He’s not alone.
“This could just be a disaster for a company like mine,” said Bill Miera, president and CEO of the 143-employee engineering firm Fiore, which manages research and development contracts with Sandia National Laboratories and with the Air Force Research Laboratory at Kirtland Air Force Base. “If we couldn’t get on base, we’d have to stop work, because we need access to the high-tech facilities there.”
New Mexico’s current law allowing undocumented immigrants to obtain driver’s licenses means the state is out of compliance with the Real ID Act, which was passed in response to 9/11.
In October, the federal government declined to give New Mexico another extension on meeting its requirements. That means only employees with valid U.S. passports or other federal identification would have access to Rubin’s business.
Lovelace Respiratory Institute, which studies the treatment and prevention of respiratory diseases, operates at a 350,000-square-foot complex at the southwest corner of Kirtland Air Force Base. The complex is not technically on Kirtland property, but all of the Institute’s employees must travel through the base to get to it.
Although few private companies are in as dire a position as Rubin’s firm, many businesses that provide products and services to Kirtland and Sandia say they, too, are bracing for a major impact on their operations come January.
The Legislature is expected to take up the issue when it meets in January, but passing and implementing a fix could take months.
Since most of Rubin’s employees currently use driver’s licenses to access Kirtland, they may be forced to get passports to continue doing so after Jan. 10, when licenses would no longer be accepted.
“If we can’t access the base, we’d go out of business in a short time,” Rubin told the Journal . “We have hundreds of employees who service the animals we use here for biomedical research, and the vast majority of them don’t have passports. I understand that if the state doesn’t change the law to comply with federal requirements, my employees won’t be able to get to work, and if that’s the case, we’d just have to shut down.”
Likewise, the Albuquerque-based information technology management and engineering firm Kemtah Group is bracing for disruption. Kemtah, which has IT contracts with national laboratories and federal facilities nationwide, employs more than 100 people directly at Sandia, and it generally hires new people to work there every month, president and CEO Stephen Wade said.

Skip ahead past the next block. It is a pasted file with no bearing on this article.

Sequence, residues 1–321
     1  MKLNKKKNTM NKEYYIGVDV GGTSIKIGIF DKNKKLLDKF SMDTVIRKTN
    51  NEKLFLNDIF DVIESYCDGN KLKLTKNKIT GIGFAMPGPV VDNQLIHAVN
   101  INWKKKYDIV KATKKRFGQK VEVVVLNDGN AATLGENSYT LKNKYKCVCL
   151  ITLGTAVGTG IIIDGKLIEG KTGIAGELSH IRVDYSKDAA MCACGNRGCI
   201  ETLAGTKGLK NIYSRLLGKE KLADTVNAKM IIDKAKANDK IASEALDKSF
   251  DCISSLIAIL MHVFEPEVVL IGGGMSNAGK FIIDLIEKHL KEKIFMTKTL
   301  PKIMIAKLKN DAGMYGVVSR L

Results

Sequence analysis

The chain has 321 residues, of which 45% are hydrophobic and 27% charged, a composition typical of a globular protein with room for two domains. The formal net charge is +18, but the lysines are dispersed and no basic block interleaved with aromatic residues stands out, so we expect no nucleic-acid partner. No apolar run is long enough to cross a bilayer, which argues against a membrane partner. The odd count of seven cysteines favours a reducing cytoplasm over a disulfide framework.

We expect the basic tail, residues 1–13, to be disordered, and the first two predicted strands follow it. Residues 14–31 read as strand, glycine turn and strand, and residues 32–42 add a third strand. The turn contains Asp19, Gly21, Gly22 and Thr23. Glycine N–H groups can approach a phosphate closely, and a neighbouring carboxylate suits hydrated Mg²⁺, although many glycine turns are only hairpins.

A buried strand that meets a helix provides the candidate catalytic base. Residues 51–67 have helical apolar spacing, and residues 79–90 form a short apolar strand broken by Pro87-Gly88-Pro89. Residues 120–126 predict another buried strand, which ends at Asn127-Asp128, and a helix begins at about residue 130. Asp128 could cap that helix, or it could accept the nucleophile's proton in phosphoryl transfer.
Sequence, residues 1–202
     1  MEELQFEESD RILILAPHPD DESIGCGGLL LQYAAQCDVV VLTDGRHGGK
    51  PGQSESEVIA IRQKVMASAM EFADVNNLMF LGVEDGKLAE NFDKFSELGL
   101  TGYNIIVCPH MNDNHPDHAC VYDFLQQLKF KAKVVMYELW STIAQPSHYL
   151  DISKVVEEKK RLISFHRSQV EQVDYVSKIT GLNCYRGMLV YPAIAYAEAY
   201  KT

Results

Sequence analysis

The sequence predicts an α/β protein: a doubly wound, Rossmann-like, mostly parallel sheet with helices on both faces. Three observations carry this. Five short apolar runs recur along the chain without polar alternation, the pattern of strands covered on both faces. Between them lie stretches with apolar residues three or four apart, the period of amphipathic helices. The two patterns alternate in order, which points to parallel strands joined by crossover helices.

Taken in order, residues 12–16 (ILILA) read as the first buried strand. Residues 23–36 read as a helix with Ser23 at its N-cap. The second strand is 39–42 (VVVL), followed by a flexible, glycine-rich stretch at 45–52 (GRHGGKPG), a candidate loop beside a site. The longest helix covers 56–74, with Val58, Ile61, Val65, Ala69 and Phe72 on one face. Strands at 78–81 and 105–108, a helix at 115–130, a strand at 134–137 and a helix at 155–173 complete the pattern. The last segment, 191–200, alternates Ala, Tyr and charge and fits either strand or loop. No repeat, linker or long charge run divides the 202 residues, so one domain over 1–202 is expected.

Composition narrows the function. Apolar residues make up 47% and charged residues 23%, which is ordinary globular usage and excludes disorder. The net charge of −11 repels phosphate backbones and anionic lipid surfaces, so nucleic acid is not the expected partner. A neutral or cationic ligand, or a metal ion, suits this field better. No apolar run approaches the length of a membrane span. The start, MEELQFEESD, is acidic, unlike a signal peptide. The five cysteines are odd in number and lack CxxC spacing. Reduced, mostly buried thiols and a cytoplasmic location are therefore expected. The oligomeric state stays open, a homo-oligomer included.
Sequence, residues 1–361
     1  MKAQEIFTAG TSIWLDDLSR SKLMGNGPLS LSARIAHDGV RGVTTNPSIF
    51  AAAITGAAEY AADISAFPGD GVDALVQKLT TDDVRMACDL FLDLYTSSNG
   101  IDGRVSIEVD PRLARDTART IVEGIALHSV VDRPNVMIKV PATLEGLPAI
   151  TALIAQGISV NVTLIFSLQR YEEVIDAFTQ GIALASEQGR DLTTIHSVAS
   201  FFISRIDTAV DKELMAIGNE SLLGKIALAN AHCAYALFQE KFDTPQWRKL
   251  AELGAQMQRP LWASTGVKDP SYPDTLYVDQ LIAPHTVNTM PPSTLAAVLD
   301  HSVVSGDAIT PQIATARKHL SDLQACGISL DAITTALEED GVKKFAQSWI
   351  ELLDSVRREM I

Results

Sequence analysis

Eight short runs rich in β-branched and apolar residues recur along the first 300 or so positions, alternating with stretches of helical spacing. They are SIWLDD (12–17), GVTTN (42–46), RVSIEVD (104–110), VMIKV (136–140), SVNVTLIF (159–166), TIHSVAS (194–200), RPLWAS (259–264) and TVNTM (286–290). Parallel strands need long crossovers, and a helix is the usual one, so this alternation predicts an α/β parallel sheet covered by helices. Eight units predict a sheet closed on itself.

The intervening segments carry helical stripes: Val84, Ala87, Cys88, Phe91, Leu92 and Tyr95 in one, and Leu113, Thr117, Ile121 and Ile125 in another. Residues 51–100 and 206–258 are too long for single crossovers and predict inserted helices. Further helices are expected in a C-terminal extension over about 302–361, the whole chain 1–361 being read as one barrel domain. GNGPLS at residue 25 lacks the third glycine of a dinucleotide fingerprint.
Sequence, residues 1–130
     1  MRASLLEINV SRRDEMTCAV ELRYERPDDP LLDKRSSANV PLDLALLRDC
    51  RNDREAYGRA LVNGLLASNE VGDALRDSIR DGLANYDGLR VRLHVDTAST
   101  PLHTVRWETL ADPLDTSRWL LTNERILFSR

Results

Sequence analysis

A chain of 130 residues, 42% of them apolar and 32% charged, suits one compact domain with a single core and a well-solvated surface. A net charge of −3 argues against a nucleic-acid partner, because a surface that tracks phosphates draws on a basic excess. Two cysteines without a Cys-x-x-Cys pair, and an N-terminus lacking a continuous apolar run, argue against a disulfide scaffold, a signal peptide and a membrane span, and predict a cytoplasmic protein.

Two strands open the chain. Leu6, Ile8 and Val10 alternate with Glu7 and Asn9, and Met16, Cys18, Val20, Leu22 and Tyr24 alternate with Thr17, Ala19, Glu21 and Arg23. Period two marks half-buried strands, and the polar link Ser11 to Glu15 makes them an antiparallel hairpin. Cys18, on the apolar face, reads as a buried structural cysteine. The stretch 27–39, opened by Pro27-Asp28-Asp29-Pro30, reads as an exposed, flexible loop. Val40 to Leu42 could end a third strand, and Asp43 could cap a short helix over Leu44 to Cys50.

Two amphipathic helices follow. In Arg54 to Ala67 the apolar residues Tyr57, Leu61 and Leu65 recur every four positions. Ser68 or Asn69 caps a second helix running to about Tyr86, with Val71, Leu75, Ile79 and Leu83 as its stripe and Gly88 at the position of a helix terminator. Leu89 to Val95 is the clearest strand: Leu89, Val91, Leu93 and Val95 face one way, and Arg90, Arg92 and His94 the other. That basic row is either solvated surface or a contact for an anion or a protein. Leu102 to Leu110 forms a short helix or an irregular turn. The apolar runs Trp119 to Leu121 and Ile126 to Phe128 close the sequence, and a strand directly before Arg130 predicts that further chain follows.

“We’re considering drafting something for the state Legislature because we’re so concerned about this,” Wade said. “The employees we hire are usually fairly young in age, and most of those folks don’t have passports and they don’t carry birth certificates around with them. It will be a challenge to hire people and keep those positions staffed.”
Kemtah’s problems could extend well beyond New Mexico, as the company’s employees travel frequently to labs and federal facilities in other states where the firm has contracts, Wade said.
“We work with many facilities in Washington, D.C., and elsewhere, and if they don’t accept New Mexico licenses, all those operations could be impacted,” Wade said. “It could be very challenging.”
People who work directly for Sandia will not be affected, because those employees have government-issued access badges from the U.S. Department of Energy. Air Force personnel at Kirtland also have Department of Defense IDs to access the base.
But workers employed at independent facilities, such as Kirtland Elementary School, as well as employees for all private contractors servicing Kirtland or Sandia could be affected, said Sherman McCorkle, vice chair of the Kirtland Partnership Committee.
“A lot of people could be affected, whether it’s a telephone technician who has to go on base, or delivery people who drop food off at the commissary or dry goods at the base exchange,” McCorkle said. “Many of those people are not going to have passports.”
Acquiring passports for employees could take a significant amount of time and create financial burdens for the companies or their employees.
Citizens can renew passports online with the U.S. Passport Office, but processing can take at least four to five weeks, and it costs $140 for each adult. In addition, people applying for the first time must do so in person.
At Applied Technology Associates, an engineering firm at Sandia Science and Technology Park that works with the Air Force Research laboratory and other federal facilities, at least a third of the company’s 300 employees will likely need to get passports, said ATA President Dan Gillings.
“We’ll have to make sure all our employees get them, either through their own funds or the company’s funds,” Gillings said. “We’ll have to start factoring that into our process.”
For now, Sandia and Kirtland have provided little information to assuage contractor concerns.
“We’re awaiting further guidance from the Department of Defense to tell us exactly what to do, but we haven’t received anything yet,” said Kirtland spokesman Carl Grusnick.
Refusing to accept New Mexico driver’s licences at federal installations is the first step being taken by the Department of Homeland Security. Sometime later next year, New Mexico licenses would no longer be valid to board a commercial flight.